If the snake bite is from a non-venomous snake, your vet may treat it like a puncture wound.3 They might clean the wound, provide antibiotics to prevent infection, and may recommend antihistamines to control any swelling and discomfort your dog might experience.3

Snake Bite Prevention

The best form of protection is prevention, and that’s especially true for snake bites. Rattlesnake vaccinations are available for dogs and, while it doesn’t prevent the bite from happening, it provides you more time to get to the vet for emergency care in the event of a rattlesnake bite.

Knowing where dangerous snakes roam can also help you prevent your dog from a potential injury. States like California, Florida, and Texas are home to several types of snakes, including venomous snakes. Snakes tend to reside in log and leaf piles, trash heaps, holes, dense brush, tall grass, and anywhere they can find prey.

How to identify a venomous snake

One way to prevent a potentially fatal snake bite is to be able to identify venomous snakes. Typically, venomous snakes have cat-like pupils that are thin and vertical. All pit vipers — like copperhead snakes or rattlesnakes — will have distinct slanted pupils. If the snake has round pupils, they typically aren’t venomous, but it’s not recommended to presume that on a snake’s eye shape alone.

In any case, it can be hard to look a snake in the eye if they’re slithering at your dog quickly. It’s best to avoid any encounter with a snake by removing yourself and your dog as quickly as possible.

How Pet Insurance Can Help Canine Snake Bite Victims

If your dog has been bitten by a snake, vet bills may be inevitable. On top of that, if your dog needs extensive care and recovery after a venomous snake bite, those bills can easily stack up. With a dog insurance policy through MetLife Pet Insurance, you could be reimbursed for covered expenses like exam fees, hospital stays, and necessary medications.4 This could help ease the financial stress of those vet bills. Get a free quote to see how pet insurance can fit into your life.

Protect your Dog

Coverage in 3 Easy Steps

1 “How to Treat Your Dog for Snake Bites,” Veterinary Specialists of the Rockies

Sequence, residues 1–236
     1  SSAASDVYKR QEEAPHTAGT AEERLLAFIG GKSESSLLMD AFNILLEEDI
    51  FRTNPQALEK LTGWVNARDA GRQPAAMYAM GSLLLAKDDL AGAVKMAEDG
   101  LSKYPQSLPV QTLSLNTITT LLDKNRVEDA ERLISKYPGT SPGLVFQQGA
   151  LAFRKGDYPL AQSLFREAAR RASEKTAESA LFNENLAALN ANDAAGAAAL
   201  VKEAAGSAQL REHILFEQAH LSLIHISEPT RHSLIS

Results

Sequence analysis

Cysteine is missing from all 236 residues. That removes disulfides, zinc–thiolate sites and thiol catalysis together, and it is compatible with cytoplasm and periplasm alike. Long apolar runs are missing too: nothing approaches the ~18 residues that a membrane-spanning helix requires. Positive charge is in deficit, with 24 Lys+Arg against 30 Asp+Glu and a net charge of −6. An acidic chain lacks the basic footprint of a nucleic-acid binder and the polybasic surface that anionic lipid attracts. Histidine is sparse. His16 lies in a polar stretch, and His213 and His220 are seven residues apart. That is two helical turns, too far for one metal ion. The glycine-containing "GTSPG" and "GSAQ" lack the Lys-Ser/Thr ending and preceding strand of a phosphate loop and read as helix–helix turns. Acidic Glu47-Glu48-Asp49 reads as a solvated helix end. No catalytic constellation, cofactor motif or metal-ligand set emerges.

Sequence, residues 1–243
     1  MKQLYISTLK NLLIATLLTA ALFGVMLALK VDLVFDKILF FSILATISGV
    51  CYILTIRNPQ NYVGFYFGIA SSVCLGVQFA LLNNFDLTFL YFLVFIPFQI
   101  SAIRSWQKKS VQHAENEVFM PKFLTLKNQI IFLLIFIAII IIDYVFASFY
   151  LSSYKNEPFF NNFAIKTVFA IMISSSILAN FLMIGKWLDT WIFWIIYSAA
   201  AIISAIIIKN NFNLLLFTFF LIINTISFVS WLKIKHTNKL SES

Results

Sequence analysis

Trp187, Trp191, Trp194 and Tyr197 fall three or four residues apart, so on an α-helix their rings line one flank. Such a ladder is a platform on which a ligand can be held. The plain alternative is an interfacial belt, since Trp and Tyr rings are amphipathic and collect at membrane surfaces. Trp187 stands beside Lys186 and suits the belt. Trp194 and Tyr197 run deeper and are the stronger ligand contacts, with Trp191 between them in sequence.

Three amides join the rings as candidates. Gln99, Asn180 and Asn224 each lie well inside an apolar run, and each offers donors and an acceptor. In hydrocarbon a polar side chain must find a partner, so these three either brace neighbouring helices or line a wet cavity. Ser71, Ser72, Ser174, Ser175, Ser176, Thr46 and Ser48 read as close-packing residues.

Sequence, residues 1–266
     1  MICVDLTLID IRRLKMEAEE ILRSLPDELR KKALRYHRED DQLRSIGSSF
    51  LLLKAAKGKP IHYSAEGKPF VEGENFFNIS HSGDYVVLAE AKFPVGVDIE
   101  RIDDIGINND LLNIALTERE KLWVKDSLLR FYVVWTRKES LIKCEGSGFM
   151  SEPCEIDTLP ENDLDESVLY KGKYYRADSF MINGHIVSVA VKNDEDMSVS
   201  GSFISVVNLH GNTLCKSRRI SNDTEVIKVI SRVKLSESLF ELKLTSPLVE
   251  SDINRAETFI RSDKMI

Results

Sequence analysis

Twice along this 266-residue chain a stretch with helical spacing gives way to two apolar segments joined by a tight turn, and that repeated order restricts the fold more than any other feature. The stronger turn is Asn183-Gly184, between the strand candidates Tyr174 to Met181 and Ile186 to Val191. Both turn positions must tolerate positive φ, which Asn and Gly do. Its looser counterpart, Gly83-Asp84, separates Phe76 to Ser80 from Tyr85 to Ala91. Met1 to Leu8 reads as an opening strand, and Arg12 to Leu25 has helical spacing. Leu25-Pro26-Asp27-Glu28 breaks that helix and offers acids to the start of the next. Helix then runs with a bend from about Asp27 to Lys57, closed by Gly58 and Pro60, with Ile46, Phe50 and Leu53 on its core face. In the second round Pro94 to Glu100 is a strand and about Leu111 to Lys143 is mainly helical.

2 “Snake Bite Safety and Prevention for your Pets,” Fetch by WebMD

3 “Here's What To Do if Your Dog Gets Bitten by a Snake,” Daily Paws

Provided all terms of the policy are met. Application is subject to underwriting review and approval. Like most insurance policies, insurance policies issued by IAIC and MetGen contain certain deductibles, co-insurance, exclusions, exceptions, reductions, limitations, and terms for keeping them in force. For costs, complete details of coverage and exclusions, and a listing of approved states, please contact MetLife Pet Insurance Solutions LLC.

Coverage underwritten and issued by Independence American Insurance Company (“IAIC”), a Delaware insurance company, headquartered at 11333 N Scottsdale Rd, Ste 160, Scottsdale, AZ 85254 or Metropolitan General Insurance Company (“MetGen”), a Rhode Island insurance company, headquartered at 700 Quaker Lane, Warwick, RI 02886. Coverage subject to restrictions, exclusions and limitations. Application is subject to underwriting review. See policy or contact MetLife Pet Insurance Solutions LLC for details. MetLife Pet Insurance Solutions LLC is the policy administrator for this coverage. The entity may operate under an alternate, assumed, and/or fictitious name in certain jurisdictions as approved, including MetLife Pet Insurance Services LLC (New York and Minnesota), MetLife Pet Insurance Solutions Agency LLC (Illinois).